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PhotoMarinSardy4In the aftermath of Robin Williams’ suicide, a plethora of articles and blogs have been published on the topic of mental illness and depression. As a writer whose work often directly or indirectly addresses mental illness, do you think this sort of mass response is helpful?

In some ways, yes, absolutely, the mass response is very helpful. The cultural silence around mental illness, without a doubt, made my experience as a child of someone with schizophrenia far worse than it needed to be. I had no one to talk to about it and no vocabulary for it even, and so that silence stunted my ability to even do my own thinking about it. In a culture without open conversation around mental illness, I was cut off from social support that could have helped enormously. So I’m pretty much glad across the board whenever anyone is openly discussing it. But with this I’ve also been glad that most of it seems to be aimed at educating people and fighting stigma.

Screen Shot 2014-07-09 at 7.37.52 AMEdan Lepucki’s characters in her debut novel California are living during a time of duress. When I met the author, so was I. Cal and Frida coexist alone in the woods after the collapse of civilization. When Frida gets pregnant they go in search of others, but the community they encounter is full of secrets and peril. My catastrophe occurred when my writing mentor committed suicide. Personally, I was devastated, and professionally, I was lost, until a friend led me to Edan. She gave me a safe place to write again. I signed up for classes with Writing Workshops LA, the company Edan founded and runs from her home in Berkeley. A staff writer at The Millions, she previously published the novella If You’re Not Yet Like Me and her stories have appeared in magazines like Narrative and McSweeney’s. While being smart, witty and outgoing, she is kind and generous to emerging writers. I promised Brad Listi this interview would entail “two blonds talking about death and destruction,” since California takes place in a post-apocalyptic world. He was all for it. Don’t tell him, but when Edan came over to my place for Brown Butter Peach Bars (like Frida, I like to impress people with my baking skills), the conversation never grew dark. In fact, we hardly quit laughing. This is that interview.

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Leslie Jamison is the author of The Empathy Exams, winner of the 2013 Graywolf Press Nonfiction Prize. Jamison and her book are currently gaining some much-deserved attention, and we’re fortunate to have had a dialogue with her regarding not only her new book, but also the crafts of cultivating empathy and writing nonfiction.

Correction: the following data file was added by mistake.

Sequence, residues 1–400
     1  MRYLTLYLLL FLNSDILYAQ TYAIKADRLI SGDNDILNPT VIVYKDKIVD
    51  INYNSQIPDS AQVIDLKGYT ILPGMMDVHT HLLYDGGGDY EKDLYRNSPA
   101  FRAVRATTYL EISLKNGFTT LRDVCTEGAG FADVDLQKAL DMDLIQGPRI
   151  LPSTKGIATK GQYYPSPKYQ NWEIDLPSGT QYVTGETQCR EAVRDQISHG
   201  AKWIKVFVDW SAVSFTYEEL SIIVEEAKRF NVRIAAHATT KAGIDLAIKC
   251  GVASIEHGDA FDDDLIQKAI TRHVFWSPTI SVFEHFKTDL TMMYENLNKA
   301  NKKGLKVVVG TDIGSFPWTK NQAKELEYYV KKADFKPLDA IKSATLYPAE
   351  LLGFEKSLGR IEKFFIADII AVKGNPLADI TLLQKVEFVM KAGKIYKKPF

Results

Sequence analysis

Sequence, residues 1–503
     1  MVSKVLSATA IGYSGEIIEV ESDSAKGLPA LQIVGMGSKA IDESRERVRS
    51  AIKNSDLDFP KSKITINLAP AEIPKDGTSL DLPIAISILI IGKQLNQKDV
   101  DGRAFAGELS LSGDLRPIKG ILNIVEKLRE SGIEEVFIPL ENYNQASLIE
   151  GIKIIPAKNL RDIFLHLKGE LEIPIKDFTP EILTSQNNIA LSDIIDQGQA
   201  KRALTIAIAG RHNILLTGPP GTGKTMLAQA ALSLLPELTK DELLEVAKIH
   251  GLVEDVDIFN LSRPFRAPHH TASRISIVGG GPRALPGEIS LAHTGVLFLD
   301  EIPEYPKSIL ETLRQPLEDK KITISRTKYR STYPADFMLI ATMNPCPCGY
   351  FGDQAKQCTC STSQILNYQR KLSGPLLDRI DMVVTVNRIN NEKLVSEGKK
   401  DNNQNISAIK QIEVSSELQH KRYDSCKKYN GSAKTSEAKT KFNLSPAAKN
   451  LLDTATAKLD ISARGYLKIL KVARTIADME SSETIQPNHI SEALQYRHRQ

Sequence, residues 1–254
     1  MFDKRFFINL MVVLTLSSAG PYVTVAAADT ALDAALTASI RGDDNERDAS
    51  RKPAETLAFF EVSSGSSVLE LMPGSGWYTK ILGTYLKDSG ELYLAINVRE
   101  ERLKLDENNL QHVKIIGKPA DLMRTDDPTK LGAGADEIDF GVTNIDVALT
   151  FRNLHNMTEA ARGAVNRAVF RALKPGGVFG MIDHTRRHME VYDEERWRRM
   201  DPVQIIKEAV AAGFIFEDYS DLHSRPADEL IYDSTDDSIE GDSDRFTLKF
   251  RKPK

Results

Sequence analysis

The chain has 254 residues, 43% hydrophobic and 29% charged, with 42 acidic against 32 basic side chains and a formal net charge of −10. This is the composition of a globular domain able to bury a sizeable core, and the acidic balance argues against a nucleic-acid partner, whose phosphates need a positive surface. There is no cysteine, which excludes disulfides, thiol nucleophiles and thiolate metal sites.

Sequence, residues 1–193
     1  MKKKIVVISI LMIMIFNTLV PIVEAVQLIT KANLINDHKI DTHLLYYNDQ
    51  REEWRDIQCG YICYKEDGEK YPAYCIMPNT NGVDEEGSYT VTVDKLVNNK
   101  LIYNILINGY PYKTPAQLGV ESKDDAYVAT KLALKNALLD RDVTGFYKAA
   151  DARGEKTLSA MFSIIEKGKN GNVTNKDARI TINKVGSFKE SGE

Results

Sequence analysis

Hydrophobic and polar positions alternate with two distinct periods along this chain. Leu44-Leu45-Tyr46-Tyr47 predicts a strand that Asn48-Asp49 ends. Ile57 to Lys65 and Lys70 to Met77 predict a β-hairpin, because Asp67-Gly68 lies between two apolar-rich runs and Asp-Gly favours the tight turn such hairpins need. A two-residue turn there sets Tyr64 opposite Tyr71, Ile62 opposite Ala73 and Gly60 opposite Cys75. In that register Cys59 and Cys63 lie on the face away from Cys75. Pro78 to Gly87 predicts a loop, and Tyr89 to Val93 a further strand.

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Walter Kirn’s newest book, Blood Will Out: The True Story of Murder, a Mystery, and a Masquerade, is a riveting, chilling, and sometimes funny real-life psychological thriller about Kirn’s fifteen-year friendship with a man whose life story eerily parallels Tom Ripley’s in The Talented Mr. Ripley. Kirn is a witty, sharp observer who will flay himself with the same X-Acto knife precision that he uses to flay his characters. I couldn’t stop reading Blood Will Out—it made me want to dig through my bookshelves, pluck out and reread everything Kirn has ever written.

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Scampering through Cape Cod, searching for an outhouse, looking out for Arnold Schwarzenegger and the Secret Service…

So I’m staying at the Kennedy Compound because I’m writing a biography on Sargent Shriver, the guy who started the Peace Corps. Bill Clinton is there, sailing with Ted Kennedy. Arnold is there. I’m out walking around town when suddenly the anxiety hits. Anxiety leads to a certain gastric distress so I’m rushing back to the house, sweating, looking out for celebrities and the secret service, wondering if I can make it back. I get there—and the toilet breaks. Sewage rises around me, ruining my pants. I mop it up with towels just as the dinner bell rings for some sort of fabulous Kennedy soiree. I sneak out and race up the stairs, half-naked, wrapped in a towel and run straight into JFK Jr. “Oh hi, Scott,” he says. He was totally unfazed. We had met the day before.

JesseOkay, Mr. Walker, just say the first things that come to your mind.  KKK. 

Church’s Chicken is a front for the Ku Klux Klan, and it prepares its food in a special way that makes black men sterile. Or that’s what a tenacious urban legend said, anyway. When the folklorist Patricia Turner heard that story in the 1980s — a time when the real Klan had been reduced to a bunch of squabbling splinter groups — she asked her informant why the FDA didn’t stop the chain from doctoring its chicken. Aha, came the reply: How do you know the KKK doesn’t control the FDA too?

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A summary of I Fear the Black Hat’s conclusions about Chevy Chase: an arrogant, assholish monster of medium talent who consciously risks nothing and refuses to take himself seriously. 

I suppose I do sort of describe him in that way in the book, yeah.  Although I wouldn’t say I’m not a fan.  I fucking loved the first three seasons of Community.

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So your Baptist preaching Bible College professor father totally flips out over your purchase of the soundtrack to Pretty Woman.

Totally.